Costs of Energy Efficiency Mandates Can Reverse the Sign of Rebound
Improvements in energy efficiency reduce the cost of consuming services from household cars and appliances and can result in a positive rebound effect that offsets part of the direct energy savings. We use a general equilibrium model to derive analytical expressions that allow us to compare rebound effects from a costless technology shock to those from a costly energy efficiency mandate. We decompose each total effect on the use of energy into components that include a direct efficiency effect, direct rebound effect, and indirect rebound effect. We investigate which factors determine the sign and magnitude of each. We show that rebound from a costless technology shock is generally positive, as in prior literature, but we also show how a pre-existing energy efficiency standard can negate the direct energy savings from the costless technology shock – leaving only the positive rebound effect on energy use. Then we analyze increased stringency of energy efficiency standards, and we show exactly when the increased costs reverse the sign of rebound. Using plausible parameter values in this model, we find that indirect effects can easily outweigh the direct effects captured in partial equilibrium models, and that the total rebound from a costly efficiency mandate is negative.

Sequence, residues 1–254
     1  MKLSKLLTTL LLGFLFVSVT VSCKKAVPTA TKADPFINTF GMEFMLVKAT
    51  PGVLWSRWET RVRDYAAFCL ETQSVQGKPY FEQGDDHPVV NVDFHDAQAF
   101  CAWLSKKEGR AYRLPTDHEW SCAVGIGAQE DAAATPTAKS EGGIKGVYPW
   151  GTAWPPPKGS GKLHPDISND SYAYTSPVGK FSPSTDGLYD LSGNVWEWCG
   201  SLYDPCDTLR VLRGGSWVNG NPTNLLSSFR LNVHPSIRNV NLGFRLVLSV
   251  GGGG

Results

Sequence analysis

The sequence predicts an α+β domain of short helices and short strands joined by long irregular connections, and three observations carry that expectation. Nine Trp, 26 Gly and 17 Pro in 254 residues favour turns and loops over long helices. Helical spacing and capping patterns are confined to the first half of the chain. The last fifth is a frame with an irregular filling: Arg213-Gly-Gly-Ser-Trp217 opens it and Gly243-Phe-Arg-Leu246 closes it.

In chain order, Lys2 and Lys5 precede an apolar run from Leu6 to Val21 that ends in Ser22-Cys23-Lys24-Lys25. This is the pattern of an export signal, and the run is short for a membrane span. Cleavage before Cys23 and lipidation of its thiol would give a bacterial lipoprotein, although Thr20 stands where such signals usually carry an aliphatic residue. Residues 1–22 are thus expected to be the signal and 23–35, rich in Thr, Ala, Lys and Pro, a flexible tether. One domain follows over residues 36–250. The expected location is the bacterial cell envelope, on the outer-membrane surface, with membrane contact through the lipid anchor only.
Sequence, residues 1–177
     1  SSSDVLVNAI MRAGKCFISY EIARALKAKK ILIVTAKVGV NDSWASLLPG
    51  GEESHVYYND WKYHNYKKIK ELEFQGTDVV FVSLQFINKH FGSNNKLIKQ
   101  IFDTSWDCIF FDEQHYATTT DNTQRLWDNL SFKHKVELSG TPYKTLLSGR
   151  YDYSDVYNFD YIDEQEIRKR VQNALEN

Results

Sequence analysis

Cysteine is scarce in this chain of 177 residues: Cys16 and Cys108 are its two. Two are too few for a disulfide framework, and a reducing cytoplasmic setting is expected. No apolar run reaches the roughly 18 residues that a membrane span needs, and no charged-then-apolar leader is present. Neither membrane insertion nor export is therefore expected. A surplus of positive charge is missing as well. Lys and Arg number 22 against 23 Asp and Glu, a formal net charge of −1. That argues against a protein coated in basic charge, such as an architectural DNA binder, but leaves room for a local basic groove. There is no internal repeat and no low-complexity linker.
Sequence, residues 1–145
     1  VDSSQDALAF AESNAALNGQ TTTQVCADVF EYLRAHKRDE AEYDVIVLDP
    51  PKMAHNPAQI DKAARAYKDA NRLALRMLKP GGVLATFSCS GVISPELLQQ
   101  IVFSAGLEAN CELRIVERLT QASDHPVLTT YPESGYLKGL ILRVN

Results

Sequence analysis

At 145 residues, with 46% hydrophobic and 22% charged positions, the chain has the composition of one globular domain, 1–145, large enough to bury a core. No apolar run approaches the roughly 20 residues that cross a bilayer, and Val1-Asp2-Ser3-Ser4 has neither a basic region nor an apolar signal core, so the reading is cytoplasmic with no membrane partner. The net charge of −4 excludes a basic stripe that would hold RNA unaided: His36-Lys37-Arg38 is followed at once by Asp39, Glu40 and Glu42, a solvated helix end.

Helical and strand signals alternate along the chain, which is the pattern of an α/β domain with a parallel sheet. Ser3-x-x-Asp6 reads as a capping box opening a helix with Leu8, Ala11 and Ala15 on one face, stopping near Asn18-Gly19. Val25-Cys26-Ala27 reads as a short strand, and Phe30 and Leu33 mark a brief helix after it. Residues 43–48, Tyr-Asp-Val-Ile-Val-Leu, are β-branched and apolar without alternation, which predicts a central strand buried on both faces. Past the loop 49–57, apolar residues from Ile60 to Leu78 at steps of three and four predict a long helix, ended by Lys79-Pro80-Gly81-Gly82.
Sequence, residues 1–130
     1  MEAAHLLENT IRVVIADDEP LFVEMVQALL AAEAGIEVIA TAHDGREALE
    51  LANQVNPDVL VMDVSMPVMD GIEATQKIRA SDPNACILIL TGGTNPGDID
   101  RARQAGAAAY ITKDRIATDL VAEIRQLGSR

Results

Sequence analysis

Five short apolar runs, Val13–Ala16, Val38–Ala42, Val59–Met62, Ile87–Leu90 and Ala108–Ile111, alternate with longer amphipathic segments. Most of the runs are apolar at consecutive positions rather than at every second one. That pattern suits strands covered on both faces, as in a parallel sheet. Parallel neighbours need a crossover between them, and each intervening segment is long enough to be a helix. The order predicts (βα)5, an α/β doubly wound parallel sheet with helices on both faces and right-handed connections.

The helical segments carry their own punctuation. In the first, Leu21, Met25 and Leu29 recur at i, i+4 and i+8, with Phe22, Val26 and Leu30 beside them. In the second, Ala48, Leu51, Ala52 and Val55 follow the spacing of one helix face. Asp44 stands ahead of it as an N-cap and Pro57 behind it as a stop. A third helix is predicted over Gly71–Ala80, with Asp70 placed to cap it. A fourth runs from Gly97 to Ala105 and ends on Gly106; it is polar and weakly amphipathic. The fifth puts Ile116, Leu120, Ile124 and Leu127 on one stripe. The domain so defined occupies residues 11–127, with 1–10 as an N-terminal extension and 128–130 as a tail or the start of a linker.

This research used no funding other than our University of Illinois employment. For helpful comments and suggestions, we wish to thank Ed Balistreri, Kathy Baylis, Severin Borenstein, Tatyana Deryugina, Ken Gillingham, Mark Jacobsen, Ryan Kellogg, Chris Knittel, Derek Lemoine, Erica Myers, Hilary Sigman, Rob Williams, and participants at various presentations and conferences. The views expressed herein are those of the authors and do not necessarily reflect the views of the National Bureau of Economic Research.
Don Fullerton & Chi L. Ta, 2020. "Costs of energy efficiency mandates can reverse the sign of rebound," Journal of Public Economics, vol 188. citation courtesy of